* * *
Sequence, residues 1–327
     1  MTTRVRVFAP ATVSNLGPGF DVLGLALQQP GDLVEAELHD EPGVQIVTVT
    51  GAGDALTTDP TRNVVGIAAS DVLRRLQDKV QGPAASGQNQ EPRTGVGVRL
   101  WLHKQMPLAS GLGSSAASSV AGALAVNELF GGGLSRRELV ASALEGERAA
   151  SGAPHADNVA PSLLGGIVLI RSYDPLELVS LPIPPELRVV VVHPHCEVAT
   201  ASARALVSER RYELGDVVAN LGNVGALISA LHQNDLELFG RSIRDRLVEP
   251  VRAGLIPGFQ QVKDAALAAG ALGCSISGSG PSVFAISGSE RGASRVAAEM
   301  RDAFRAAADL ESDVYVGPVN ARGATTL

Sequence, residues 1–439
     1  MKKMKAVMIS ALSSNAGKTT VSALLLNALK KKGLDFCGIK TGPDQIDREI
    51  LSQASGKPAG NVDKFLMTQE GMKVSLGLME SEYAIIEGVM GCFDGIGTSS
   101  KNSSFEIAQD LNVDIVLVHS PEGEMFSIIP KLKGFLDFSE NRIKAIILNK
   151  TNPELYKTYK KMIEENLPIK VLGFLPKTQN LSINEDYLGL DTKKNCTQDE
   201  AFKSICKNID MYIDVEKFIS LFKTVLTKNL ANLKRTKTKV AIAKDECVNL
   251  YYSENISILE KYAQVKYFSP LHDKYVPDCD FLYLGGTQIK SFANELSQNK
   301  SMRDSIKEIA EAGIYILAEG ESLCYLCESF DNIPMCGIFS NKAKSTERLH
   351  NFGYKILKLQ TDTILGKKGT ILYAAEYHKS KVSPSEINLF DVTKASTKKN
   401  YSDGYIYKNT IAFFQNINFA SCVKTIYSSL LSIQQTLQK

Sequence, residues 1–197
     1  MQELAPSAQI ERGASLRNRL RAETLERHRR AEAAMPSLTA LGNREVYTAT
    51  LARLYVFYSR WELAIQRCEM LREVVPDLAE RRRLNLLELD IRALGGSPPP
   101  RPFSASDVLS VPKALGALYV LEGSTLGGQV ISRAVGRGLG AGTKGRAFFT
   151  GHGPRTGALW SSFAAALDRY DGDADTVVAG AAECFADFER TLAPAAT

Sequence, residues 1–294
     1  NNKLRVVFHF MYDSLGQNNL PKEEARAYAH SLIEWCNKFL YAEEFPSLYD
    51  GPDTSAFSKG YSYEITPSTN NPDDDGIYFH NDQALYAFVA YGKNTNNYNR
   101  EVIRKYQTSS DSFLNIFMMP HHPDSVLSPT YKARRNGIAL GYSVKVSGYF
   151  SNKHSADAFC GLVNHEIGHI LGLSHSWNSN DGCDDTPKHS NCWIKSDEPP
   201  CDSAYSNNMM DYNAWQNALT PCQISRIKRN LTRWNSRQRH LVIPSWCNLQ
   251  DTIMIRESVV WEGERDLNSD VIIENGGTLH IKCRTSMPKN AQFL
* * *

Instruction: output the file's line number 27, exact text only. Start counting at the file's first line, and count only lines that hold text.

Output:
   101  EVIRKYQTSS DSFLNIFMMP HHPDSVLSPT YKARRNGIAL GYSVKVSGYF